Canada’s southernmost inhabited island is located in Lake Erie, south of Windsor, Ontario, and Detroit, Michigan. The options for getting there are ferry, plane and boat. The island is just the right size that if you get chatting with someone on the hour-and-a-half-long ferry ride you are apt to run into them again on the island. Probably more than once. The island’s uniqueness, the varied list of things to do while there, the food, and the accommodations are reasons to stay on Pelee Island overnight.

On a latitude similar to northern California and the wine growing regions of Europe, not only is the island ideal for growing grapes, it is on a flyway for migrating birds and it provides a rare habitat for plants and animals that exist nowhere else in the world.

From early spring to late fall the year-round population of 150 swells to include birdwatchers, bikers and butterfly enthusiasts. Boaters tie up at the docks and wine lovers wander the vineyards at Pelee Island Winery. Once a year, hunters from the mainland flock to Pelee Island in Windsor Essex County for the annual pheasant hunt. On the days when the farm-fed pheasants are turned loose, school children are kept indoors.

The island is not commercialized. Once there, it is up to the visitor to seek out things to do.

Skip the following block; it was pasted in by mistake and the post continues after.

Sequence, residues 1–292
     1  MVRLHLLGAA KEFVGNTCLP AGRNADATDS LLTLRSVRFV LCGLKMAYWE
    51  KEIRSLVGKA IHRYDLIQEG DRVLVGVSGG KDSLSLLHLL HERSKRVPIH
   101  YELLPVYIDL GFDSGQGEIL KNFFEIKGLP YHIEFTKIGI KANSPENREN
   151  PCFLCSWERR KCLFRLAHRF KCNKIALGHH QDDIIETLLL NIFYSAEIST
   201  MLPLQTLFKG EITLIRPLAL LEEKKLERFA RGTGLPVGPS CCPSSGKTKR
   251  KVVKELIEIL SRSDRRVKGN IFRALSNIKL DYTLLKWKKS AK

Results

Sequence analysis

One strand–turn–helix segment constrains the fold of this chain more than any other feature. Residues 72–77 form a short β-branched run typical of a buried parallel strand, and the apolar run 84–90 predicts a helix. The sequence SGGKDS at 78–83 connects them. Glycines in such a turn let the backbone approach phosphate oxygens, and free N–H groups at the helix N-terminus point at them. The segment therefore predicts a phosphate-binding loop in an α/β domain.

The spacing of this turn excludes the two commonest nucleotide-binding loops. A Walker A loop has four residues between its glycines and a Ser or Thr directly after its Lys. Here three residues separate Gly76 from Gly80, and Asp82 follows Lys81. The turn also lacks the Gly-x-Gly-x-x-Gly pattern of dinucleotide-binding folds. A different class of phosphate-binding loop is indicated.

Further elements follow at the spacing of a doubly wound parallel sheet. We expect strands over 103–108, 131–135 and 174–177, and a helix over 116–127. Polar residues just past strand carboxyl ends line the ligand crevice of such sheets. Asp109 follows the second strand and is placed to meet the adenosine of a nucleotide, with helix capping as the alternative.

Wheel Inn

We arrived on a Saturday night and drove directly along the lakeshore road to The Anchor and Wheel Inn for a meal of locally caught Lake Erie Yellow Perch.


We stayed at The Wandering Pheasant where a hammock hung outside our door in a screened in porch.

We felt so secure we left our key in the door overnight.

On Sunday morning we followed aromas of sausage and bacon across the parking lot of the Royal Canadian Legion Pelee Branch 403 to join the regulars for breakfast of real Canadian bacon and eggs.

We took a tour of the island with Explore Pelee so that in our short time there we wouldn’t miss anything.

Circling the island in a van with our guide, David, we stopped at the Stoneman and the Shoe Tree. The former was created as a testament to island perseverance and the latter to amuse tourists. One year, during the Running Flat Marathon, a runner who had arrived on the island without the proper shoes borrowed a pair from the tree.

In addition to telling us the history of the island and taking us to the lighthouse and beaches, at Vin Villa, the ruins of Canada’s first commercial winery, David proudly and perfectly recited a 13-stanza poem about an island legend, without missing a word.

We had a light lunch at Conorlee’s Bakery and Delicatessen with Cherry Cheesecake Popovers – butter glazed puff pastry with sweet cream cheese. People stop in at Connorlee’s not only for a homemade bite to eat, but the latest island news.

In just 24 hours we managed to touch in with the Pelee Island uniqueness, the accommodations, food, and what to do while on the island. It was suddenly time to catch the ferry back to the mainland but, amazingly, the Pelee Island experience continued when we realized that at least half the people we crossed paths with on the island were on the ferry.